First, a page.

Many people still are unable to comprehend the concepts of using cyber attacks to cause actual physical damage. Although the news has these dramatic reports of hackers devastating power plants through the use of keyboards, these ideas are generally confined to fiction rather than applied in the real world. This is why using cyber to hack a chemical plant to cause physical damage is exceedingly complex and difficult but still very possible:

At Def Con 23, Marina Krotofil, senior security consultant at the European Network for Cyber Security, and Jason Larsen, principal security consultant at IOActive, presented Rocking the pocket book: Hacking chemical plants for competition and extortion; you can grab a copy of their presentation (pdf) and slides (pdf) as the duo delved into a complete attack, from start to finish, on a simulated plant for Vinyl Acetate production. Pulling off an operational technology hack that affects a physical thing in the real work is an extremely complex process with many stages that range from learning to leaving false forensic footprints to get away with the attack.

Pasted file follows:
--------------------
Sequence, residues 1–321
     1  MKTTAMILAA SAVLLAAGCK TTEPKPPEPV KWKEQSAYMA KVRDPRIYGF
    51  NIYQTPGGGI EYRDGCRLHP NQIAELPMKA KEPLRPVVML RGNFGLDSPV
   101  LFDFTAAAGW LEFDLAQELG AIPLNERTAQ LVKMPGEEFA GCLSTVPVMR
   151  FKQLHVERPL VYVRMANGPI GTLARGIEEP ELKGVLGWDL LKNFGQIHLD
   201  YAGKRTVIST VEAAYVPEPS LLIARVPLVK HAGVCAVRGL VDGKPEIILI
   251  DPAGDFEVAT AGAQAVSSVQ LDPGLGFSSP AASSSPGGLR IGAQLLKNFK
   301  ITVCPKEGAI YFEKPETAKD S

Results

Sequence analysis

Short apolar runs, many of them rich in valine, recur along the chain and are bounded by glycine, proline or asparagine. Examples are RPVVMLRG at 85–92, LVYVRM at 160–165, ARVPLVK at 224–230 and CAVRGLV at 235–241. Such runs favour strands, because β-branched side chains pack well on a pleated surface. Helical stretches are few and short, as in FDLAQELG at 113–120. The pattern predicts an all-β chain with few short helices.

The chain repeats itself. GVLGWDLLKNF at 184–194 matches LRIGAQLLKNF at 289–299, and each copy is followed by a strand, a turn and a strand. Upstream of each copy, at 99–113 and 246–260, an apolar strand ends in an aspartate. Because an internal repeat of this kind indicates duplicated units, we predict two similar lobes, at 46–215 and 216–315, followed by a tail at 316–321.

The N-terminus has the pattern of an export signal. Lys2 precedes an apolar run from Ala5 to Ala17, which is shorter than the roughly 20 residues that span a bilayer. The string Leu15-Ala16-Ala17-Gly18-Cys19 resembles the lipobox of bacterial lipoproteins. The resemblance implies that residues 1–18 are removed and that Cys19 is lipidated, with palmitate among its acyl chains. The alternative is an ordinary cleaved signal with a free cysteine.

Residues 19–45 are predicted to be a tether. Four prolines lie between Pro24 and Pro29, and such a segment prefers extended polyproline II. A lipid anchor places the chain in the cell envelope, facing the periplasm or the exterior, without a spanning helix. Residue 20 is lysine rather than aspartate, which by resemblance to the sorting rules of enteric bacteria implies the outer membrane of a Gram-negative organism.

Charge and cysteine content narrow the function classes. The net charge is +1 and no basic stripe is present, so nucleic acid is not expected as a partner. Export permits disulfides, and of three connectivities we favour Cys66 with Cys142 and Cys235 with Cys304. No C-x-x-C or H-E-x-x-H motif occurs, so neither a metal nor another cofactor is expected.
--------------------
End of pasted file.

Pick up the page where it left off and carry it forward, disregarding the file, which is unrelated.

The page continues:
Cyber-physical attacks “go through several stages before the evil goals can be achieved;” most attackers have no idea about the complete process and how to manipulate it. If an attacker remotely tweaked one thing, turned a valve for example, how would that affect something else like reactor temperature? “Cyber attacks on process networks may allow the attacker to obtain sensor readings, to manipulate sensor measurements sent to controllers and instructions sent to actuators. To appreciate the effect of such manipulations the attacker has to understand the physical part of her target.” You need only look at one of several diagrams to grasp how much an attacker would need to understand.

“Blindly trying to destroy a process by overheating a tank will probably only result in exercising the emergency shutdown logic and the pressure relief valves,” they explained. When an attacker goes searching for answers, they likely understand the technician’s documentation but they also need to under the harder version – the engineer’s answers.